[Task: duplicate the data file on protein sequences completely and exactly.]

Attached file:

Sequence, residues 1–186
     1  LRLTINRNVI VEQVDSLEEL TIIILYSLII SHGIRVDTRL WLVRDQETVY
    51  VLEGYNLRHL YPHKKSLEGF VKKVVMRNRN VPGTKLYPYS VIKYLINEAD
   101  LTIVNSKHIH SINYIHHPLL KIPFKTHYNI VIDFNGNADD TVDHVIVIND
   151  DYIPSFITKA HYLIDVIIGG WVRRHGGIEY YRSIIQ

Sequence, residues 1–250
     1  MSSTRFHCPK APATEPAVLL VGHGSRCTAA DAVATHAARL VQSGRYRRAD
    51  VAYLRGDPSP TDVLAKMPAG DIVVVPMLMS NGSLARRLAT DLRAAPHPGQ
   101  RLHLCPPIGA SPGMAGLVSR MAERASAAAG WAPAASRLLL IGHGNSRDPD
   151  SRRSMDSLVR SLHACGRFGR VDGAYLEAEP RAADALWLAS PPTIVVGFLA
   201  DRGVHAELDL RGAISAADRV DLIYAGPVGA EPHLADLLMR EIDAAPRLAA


Sequence, residues 1–186
     1  LRLTINRNVI VEQVDSLEEL TIIILYSLII SHGIRVDTRL WLVRDQETVY
    51  VLEGYNLRHL YPHKKSLEGF VKKVVMRNRN VPGTKLYPYS VIKYLINEAD
   101  LTIVNSKHIH SINYIHHPLL KIPFKTHYNI VIDFNGNADD TVDHVIVIND
   151  DYIPSFITKA HYLIDVIIGG WVRRHGGIEY YRSIIQ

Sequence, residues 1–250
     1  MSSTRFHCPK APATEPAVLL VGHGSRCTAA DAVATHAARL VQSGRYRRAD
    51  VAYLRGDPSP TDVLAKMPAG DIVVVPMLMS NGSLARRLAT DLRAAPHPGQ
   101  RLHLCPPIGA SPGMAGLVSR MAERASAAAG WAPAASRLLL IGHGNSRDPD
   151  SRRSMDSLVR SLHACGRFGR VDGAYLEAEP RAADALWLAS PPTIVVGFLA
   201  DRGVHAELDL RGAISAADRV DLIYAGPVGA EPHLADLLMR EIDAAPRLAA